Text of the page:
Obviously a 2 cost card is easier to cast than a 3 cost card, but the differences aren't linear. Decks have their own sweet spots, and it's important to look at what kind of spells you want at different points in the game. There's a game-state pattern that comes up a lot in Workshop Aggro. In most matchups you want to keep mana pressure on the entire game, and that usually means playing a Sphere on turn 1, and follow it quickly with Strip-effects, Tangle Wires or additional Spheres. That means there's often a window early where have an extra 2 mana on turn 1 or 2 (Workshop+Mox being the most common), but won't have an extra 3+ mana until turn 5 or 6. Making a 3 drop a lot more costly than a 2 drop.
Consider a pretty average opening hand with Workshop, Wasteland, Sphere of Resistance, "Threat". In a matchup against an unknown opponent, it's safest to lead with the Sphere, and in many cases you're going to want to follow that up with a Wasteland on turn 2. At this point you can play your threat if it costs 2 or less, but not if it costs 3 or more. If your draws include more Wastelands or Spheres or Tangle Wires, there's a chance you're not playing a 3 drop for a little while. If your draws DON'T include Ancient Tombs or Workshops, there's a chance you wouldn't be able to play a 4 drop (especially the Thorn-sensitive Fleetwheel Cruiser or the Workshop-sensitive Thought-Knot Seer) for a long while. If your opponent has their own Wastelands, you might never get that chance.
So two-drops are important in Shops. But they're not so important that it's worth running a bad card over a good one. Porcelain Legionnaire was solid in some metagames, but loses some of its lustre when Triskelions roam the earth, and Thought-Knot is more common than Lodestone Golem. Steel Overseer is an aggro-mirror sideboard card, that's a little too slow to justify running in large numbers. While there were certainly players that liked to run 4x Arcbound Ravager, I was always uncomfortable running more than 3, if that, I tend to see the card as a game-two anti-removal/Dack Fayden card than a true threat in it's own right.
Four Ballistae suddenly changes the value of all of these cards. The 4th Ravager is an easy sell, and it didn't take many games to figure out that the Overseer/Walker synergy I thought would be "cute" was actually just strong. Legionnaire goes from medium to unplayable, but the count of quality 2 drop threats still rose drastically, from 7-8 to 16. This, of course, has other repercussions, which we'll talk about later.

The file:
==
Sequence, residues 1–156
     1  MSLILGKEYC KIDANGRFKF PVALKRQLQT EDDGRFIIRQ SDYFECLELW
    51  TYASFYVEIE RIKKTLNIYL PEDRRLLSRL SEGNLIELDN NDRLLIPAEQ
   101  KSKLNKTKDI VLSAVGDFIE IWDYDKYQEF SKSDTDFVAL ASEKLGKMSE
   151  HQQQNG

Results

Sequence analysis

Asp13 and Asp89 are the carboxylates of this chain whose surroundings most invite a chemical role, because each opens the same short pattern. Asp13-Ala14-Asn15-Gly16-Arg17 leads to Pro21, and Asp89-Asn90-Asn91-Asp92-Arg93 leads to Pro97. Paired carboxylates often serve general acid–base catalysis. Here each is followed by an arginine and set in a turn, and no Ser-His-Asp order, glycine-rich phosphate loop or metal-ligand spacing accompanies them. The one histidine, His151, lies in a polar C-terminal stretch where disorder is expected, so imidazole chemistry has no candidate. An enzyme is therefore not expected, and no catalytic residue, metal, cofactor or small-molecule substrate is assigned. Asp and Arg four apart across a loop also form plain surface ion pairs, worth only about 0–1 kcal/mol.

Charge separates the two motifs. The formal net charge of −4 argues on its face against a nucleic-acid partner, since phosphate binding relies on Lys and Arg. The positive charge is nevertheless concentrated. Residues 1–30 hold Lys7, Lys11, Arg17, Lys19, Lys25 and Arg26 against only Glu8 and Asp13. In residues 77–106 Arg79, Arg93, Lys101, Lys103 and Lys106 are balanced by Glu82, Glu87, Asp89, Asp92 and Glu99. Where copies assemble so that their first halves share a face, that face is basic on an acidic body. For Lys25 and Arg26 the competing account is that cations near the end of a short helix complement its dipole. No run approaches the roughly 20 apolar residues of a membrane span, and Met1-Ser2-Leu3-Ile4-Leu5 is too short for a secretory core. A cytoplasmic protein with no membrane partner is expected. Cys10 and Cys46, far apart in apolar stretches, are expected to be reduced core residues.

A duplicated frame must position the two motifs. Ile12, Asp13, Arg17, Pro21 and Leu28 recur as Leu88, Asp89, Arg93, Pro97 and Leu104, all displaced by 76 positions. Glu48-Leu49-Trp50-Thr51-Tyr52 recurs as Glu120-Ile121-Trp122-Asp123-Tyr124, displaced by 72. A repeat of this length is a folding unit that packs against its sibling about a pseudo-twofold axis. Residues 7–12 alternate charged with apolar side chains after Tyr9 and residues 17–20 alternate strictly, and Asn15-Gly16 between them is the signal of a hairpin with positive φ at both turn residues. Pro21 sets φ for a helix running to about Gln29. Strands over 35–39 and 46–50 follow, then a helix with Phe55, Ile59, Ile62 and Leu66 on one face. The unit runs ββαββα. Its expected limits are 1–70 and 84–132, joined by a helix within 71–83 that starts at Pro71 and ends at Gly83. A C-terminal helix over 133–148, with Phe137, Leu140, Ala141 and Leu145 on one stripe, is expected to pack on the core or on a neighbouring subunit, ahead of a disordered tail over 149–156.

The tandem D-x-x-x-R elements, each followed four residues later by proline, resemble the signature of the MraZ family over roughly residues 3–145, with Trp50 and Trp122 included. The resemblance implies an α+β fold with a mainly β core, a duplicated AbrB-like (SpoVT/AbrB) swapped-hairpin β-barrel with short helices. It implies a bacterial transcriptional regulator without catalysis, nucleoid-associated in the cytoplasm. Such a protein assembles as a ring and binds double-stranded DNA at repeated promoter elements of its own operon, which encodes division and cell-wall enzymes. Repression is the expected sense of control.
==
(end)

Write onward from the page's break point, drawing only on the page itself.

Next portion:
There's nothing notable about the cards in this list, every Workshop deck is running some combination of these cards, and plenty max out on them like I have. Some of my recent workshops lists haven't run all 14 though, (usually only running 1-2 Sphere of Resistance), and even in lists that run them all, it's usually a tradeoff.
Running such a low curve makes it a lot less painful to run as many Spheres as you can. Between Ballista, Walker, and Module, you have a lot of things to do with mana that aren't affected by Spheres or Wires, which is an added bonus. Overseer gives you something relevant to do in a turn where you're spending all of your mana playing another Lock piece, and Module or Hangarback Walker are great at using up the odd mana you have left over at the end of turn. Workshop decks in general are "a pile of cards that are synergistic with Sphere of Resistance", but this list is even MORE synergistic, for whatever that's worth.
All Workshop decks share a lot in common, and building one isn't terribly complex.
4 Mishra's Workshop
3-4 Ancient Tomb
5 Strip effects
6-8 Artifact Mana
If you're not starting with that, there's a good chance you're doing something wrong. I also suspect that the addition of Walking Ballista to the format adds Tolarian Academy to this list.
For this list I wanted the full set of accelerants - all the Tombs and all the artifacts mana. Basically every Workshop deck wants to guarantee they can play a 2 drop on turn 1, but this deck has so many 2s that hitting 4 mana early is very relevant as well. I've had Ancient Tomb deal massive damage to me before, but I don't think it outweighs how good the card is.
If you've decided to max out on all the accelerants, you're basically left with 4 lands in a 26 source deck. Thought-Knot lists can use this to run Eldrazi Temple, or you can fit in powerful utility cards like or Karakas, Ghost Quarter, or Inventor's Fair. My choice to run Mishra's Factory here isn't exactly groundbreaking, Factory is probably the most common card in this slot. It's common for a reason though, and the added synergy with Ravagers and Overseers was too good for me to pass up.